Common variants in the TCF7L2 gene are strongly associated with type 2 diabetes mellitus in the Indian population
Aims and hypothesis
India has the greatest number of diabetic subjects in any one country, but the genetic basis of type 2 diabetes mellitus in India is poorly understood. Common non-coding variants in the transcription factor 7-like 2 gene (TCF7L2) have recently been strongly associated with increased risk of type 2 diabetes in European populations. We investigated whether TCF7L2 variants are also associated with type 2 diabetes mellitus in the Indian population.
Materials and methods
We genotyped type 2 diabetes patients (n = 955) and ethnically matched control subjects (n = 399) by sequencing three single nucleotide polymorphisms (SNPs) (rs7903146, rs12255372 and rs4506565) in TCF7L2.
We observed a strong association with all the polymorphisms, including rs12255372 (odds ratio [OR] 1.50 [95% CI = 1.24–1.82], p = 4.0 × 10−5), rs4506565 (OR 1.48 [95% CI = 1.24–1.77], p = 2.0 × 10−5) and rs7903146 (OR 1.46 [95% CI = 1.22–1.75], p = 3.0 × 10−5). All three variants showed increased relative risk when homozygous rather than heterozygous, with the strongest risk for rs12255372 (OR 2.28 [95% CI = 1.40–3.72] vs OR 1.43 [95% CI = 1.11–1.83]). We found no association of the TCF7L2 genotypes with age at diagnosis, BMI or WHR, but the risk genotype at rs12255372 was associated with higher fasting plasma glucose (p = 0.001), higher 2-h plasma glucose (p = 0.0002) and higher homeostasis model assessment of insulin resistance (HOMA-R; p = 0.012) in non-diabetic subjects.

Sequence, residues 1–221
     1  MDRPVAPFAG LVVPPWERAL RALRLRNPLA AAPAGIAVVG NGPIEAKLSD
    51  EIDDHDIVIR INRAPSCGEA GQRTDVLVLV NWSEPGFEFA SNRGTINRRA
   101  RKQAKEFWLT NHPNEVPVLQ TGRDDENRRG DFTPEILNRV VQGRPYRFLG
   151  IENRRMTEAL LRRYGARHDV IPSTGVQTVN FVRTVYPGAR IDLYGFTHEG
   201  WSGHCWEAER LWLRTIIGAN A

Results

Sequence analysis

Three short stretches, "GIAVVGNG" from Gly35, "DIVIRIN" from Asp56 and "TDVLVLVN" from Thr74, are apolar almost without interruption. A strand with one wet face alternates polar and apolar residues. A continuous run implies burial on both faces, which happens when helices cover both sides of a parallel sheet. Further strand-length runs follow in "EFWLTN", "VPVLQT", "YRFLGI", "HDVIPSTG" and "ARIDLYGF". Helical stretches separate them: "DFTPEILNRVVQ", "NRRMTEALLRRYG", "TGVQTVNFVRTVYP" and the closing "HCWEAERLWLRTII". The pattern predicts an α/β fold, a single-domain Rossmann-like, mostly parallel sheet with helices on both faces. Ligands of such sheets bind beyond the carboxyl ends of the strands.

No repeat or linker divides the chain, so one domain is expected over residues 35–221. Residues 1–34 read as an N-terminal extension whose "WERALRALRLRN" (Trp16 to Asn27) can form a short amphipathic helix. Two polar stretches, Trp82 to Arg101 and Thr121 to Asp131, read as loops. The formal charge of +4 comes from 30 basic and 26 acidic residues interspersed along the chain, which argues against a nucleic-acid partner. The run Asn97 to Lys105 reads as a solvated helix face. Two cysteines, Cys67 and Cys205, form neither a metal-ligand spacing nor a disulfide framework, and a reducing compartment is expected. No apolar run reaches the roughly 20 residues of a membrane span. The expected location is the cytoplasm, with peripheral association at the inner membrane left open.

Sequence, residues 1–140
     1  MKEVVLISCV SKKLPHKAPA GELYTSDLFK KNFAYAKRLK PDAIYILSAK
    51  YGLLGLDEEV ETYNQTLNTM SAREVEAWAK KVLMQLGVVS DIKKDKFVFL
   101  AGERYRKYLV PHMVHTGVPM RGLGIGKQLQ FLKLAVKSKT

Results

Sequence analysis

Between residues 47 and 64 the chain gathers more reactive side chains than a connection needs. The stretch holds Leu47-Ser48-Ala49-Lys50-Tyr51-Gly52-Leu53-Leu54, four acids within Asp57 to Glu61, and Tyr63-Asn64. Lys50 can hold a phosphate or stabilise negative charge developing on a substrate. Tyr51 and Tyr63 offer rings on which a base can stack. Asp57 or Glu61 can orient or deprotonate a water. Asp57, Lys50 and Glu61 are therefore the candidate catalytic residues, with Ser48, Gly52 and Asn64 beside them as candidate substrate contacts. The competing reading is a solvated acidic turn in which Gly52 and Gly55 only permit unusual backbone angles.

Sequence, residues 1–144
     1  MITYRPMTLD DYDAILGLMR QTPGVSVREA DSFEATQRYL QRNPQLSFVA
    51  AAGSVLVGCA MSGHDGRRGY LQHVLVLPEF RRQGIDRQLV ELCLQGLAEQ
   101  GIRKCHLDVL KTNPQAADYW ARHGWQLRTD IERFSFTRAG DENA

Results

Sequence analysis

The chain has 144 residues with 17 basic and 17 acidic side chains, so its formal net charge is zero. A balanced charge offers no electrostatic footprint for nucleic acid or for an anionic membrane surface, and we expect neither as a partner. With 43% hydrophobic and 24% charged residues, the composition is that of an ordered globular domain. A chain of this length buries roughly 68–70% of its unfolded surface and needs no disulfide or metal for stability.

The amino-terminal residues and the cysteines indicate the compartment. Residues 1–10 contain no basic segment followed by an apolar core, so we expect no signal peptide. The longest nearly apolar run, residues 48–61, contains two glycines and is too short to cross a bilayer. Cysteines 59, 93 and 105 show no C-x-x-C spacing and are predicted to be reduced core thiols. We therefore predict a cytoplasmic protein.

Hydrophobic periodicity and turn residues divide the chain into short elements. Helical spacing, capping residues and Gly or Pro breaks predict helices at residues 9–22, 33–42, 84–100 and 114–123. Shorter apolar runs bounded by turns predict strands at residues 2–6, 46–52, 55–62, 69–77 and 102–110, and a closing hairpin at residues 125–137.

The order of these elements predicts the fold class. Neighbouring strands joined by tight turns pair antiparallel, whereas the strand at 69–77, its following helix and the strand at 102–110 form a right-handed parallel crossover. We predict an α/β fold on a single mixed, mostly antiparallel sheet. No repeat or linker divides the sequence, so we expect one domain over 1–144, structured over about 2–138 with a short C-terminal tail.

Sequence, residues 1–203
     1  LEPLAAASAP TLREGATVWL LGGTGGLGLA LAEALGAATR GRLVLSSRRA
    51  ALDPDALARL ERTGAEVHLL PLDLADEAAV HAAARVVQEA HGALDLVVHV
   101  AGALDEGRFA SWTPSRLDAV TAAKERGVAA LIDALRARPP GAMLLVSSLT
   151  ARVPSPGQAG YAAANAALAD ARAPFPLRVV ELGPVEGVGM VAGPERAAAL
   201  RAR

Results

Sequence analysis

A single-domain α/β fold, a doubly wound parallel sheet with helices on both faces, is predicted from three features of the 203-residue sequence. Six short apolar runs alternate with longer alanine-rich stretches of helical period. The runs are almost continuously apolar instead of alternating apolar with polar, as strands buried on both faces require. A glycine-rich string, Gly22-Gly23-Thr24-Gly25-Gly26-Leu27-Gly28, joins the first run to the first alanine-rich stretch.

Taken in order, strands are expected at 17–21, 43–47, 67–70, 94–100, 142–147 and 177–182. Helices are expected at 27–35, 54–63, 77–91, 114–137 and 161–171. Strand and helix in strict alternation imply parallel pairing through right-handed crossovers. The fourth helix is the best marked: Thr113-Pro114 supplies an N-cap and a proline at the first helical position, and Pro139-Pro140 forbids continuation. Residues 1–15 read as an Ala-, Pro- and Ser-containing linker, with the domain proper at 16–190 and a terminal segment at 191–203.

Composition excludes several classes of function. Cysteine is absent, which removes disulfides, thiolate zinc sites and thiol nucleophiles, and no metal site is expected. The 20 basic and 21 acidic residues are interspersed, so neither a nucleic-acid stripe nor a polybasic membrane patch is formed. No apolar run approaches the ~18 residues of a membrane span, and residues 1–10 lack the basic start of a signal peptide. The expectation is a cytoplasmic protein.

Our study in Indian subjects replicates the strong association of TCF7L2 variants with type 2 diabetes in other populations. It also provides evidence that variations in TCF7L2 may play a crucial role in the pathogenesis of type 2 diabetes by influencing both insulin secretion and insulin resistance. TCF7L2 is an important gene for determining susceptibility to type 2 diabetes mellitus and it transgresses the boundaries of ethnicity.
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- Common variants in the TCF7L2 gene are strongly associated with type 2 diabetes mellitus in the Indian population
Volume 50, Issue 1 , pp 63-67
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- 1. Genome Research Group, Centre for Cellular and Molecular Biology, Hyderabad, India
- 2. Kamalnayan Bajaj Diabetology Research Centre, King Edward Memorial Hospital and Research Centre, Rasta Peth, Pune, Maharashtra, 410 011, India
- 3. Institute of Biomedical and Clinical Science, Peninsula Medical School, Barrack Road, Exeter, Devon, EX2 5DW, UK